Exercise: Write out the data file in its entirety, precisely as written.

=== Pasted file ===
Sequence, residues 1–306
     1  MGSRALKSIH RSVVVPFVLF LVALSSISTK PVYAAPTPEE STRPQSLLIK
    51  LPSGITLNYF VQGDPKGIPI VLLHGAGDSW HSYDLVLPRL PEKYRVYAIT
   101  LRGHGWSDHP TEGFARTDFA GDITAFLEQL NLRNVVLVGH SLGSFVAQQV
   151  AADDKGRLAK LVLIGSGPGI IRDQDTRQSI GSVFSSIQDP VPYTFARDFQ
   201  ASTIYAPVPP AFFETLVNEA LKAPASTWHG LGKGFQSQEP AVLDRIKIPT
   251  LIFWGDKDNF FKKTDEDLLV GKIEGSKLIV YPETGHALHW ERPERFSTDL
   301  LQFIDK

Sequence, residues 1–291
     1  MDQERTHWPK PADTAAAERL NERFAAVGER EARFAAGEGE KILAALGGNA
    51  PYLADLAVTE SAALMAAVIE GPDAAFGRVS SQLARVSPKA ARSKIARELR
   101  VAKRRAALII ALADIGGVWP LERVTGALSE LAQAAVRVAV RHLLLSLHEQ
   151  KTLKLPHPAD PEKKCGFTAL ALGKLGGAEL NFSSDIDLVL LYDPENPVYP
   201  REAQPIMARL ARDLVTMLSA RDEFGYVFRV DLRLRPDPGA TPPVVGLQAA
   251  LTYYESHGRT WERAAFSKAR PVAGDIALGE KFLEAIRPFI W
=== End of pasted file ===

Sequence, residues 1–306
     1  MGSRALKSIH RSVVVPFVLF LVALSSISTK PVYAAPTPEE STRPQSLLIK
    51  LPSGITLNYF VQGDPKGIPI VLLHGAGDSW HSYDLVLPRL PEKYRVYAIT
   101  LRGHGWSDHP TEGFARTDFA GDITAFLEQL NLRNVVLVGH SLGSFVAQQV
   151  AADDKGRLAK LVLIGSGPGI IRDQDTRQSI GSVFSSIQDP VPYTFARDFQ
   201  ASTIYAPVPP AFFETLVNEA LKAPASTWHG LGKGFQSQEP AVLDRIKIPT
   251  LIFWGDKDNF FKKTDEDLLV GKIEGSKLIV YPETGHALHW ERPERFSTDL
   301  LQFIDK

Sequence, residues 1–291
     1  MDQERTHWPK PADTAAAERL NERFAAVGER EARFAAGEGE KILAALGGNA
    51  PYLADLAVTE SAALMAAVIE GPDAAFGRVS SQLARVSPKA ARSKIARELR
   101  VAKRRAALII ALADIGGVWP LERVTGALSE LAQAAVRVAV RHLLLSLHEQ
   151  KTLKLPHPAD PEKKCGFTAL ALGKLGGAEL NFSSDIDLVL LYDPENPVYP
   201  REAQPIMARL ARDLVTMLSA RDEFGYVFRV DLRLRPDPGA TPPVVGLQAA
   251  LTYYESHGRT WERAAFSKAR PVAGDIALGE KFLEAIRPFI W